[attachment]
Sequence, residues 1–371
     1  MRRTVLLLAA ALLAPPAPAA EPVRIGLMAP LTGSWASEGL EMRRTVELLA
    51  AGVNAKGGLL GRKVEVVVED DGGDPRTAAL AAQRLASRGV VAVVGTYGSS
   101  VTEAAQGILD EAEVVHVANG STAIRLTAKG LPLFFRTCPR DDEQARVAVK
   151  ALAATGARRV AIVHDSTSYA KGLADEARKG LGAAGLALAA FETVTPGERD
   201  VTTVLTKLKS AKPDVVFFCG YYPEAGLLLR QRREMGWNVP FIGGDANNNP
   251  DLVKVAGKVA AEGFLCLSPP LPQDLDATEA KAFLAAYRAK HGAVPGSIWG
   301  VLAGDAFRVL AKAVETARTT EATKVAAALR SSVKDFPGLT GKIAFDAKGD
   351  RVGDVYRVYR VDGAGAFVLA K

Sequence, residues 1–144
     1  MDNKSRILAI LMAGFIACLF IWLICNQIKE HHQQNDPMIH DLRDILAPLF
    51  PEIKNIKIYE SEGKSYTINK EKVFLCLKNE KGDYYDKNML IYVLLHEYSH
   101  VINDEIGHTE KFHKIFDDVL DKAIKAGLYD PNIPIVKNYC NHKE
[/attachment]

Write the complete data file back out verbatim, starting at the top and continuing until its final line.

Sequence, residues 1–371
     1  MRRTVLLLAA ALLAPPAPAA EPVRIGLMAP LTGSWASEGL EMRRTVELLA
    51  AGVNAKGGLL GRKVEVVVED DGGDPRTAAL AAQRLASRGV VAVVGTYGSS
   101  VTEAAQGILD EAEVVHVANG STAIRLTAKG LPLFFRTCPR DDEQARVAVK
   151  ALAATGARRV AIVHDSTSYA KGLADEARKG LGAAGLALAA FETVTPGERD
   201  VTTVLTKLKS AKPDVVFFCG YYPEAGLLLR QRREMGWNVP FIGGDANNNP
   251  DLVKVAGKVA AEGFLCLSPP LPQDLDATEA KAFLAAYRAK HGAVPGSIWG
   301  VLAGDAFRVL AKAVETARTT EATKVAAALR SSVKDFPGLT GKIAFDAKGD
   351  RVGDVYRVYR VDGAGAFVLA K

Sequence, residues 1–144
     1  MDNKSRILAI LMAGFIACLF IWLICNQIKE HHQQNDPMIH DLRDILAPLF
    51  PEIKNIKIYE SEGKSYTINK EKVFLCLKNE KGDYYDKNML IYVLLHEYSH
   101  VINDEIGHTE KFHKIFDDVL DKAIKAGLYD PNIPIVKNYC NHKE